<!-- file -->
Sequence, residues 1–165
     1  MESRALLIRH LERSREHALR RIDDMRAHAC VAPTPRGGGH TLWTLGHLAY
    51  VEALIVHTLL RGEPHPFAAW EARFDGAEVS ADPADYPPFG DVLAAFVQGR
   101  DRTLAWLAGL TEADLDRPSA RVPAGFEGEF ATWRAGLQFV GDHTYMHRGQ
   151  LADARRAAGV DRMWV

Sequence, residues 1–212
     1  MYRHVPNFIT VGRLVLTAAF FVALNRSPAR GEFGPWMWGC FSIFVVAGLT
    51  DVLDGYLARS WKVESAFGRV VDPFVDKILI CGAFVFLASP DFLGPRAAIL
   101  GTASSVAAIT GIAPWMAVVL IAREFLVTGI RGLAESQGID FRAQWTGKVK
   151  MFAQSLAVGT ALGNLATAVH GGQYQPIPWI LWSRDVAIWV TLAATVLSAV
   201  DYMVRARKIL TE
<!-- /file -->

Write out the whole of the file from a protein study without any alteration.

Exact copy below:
Sequence, residues 1–165
     1  MESRALLIRH LERSREHALR RIDDMRAHAC VAPTPRGGGH TLWTLGHLAY
    51  VEALIVHTLL RGEPHPFAAW EARFDGAEVS ADPADYPPFG DVLAAFVQGR
   101  DRTLAWLAGL TEADLDRPSA RVPAGFEGEF ATWRAGLQFV GDHTYMHRGQ
   151  LADARRAAGV DRMWV

Sequence, residues 1–212
     1  MYRHVPNFIT VGRLVLTAAF FVALNRSPAR GEFGPWMWGC FSIFVVAGLT
    51  DVLDGYLARS WKVESAFGRV VDPFVDKILI CGAFVFLASP DFLGPRAAIL
   101  GTASSVAAIT GIAPWMAVVL IAREFLVTGI RGLAESQGID FRAQWTGKVK
   151  MFAQSLAVGT ALGNLATAVH GGQYQPIPWI LWSRDVAIWV TLAATVLSAV
   201  DYMVRARKIL TE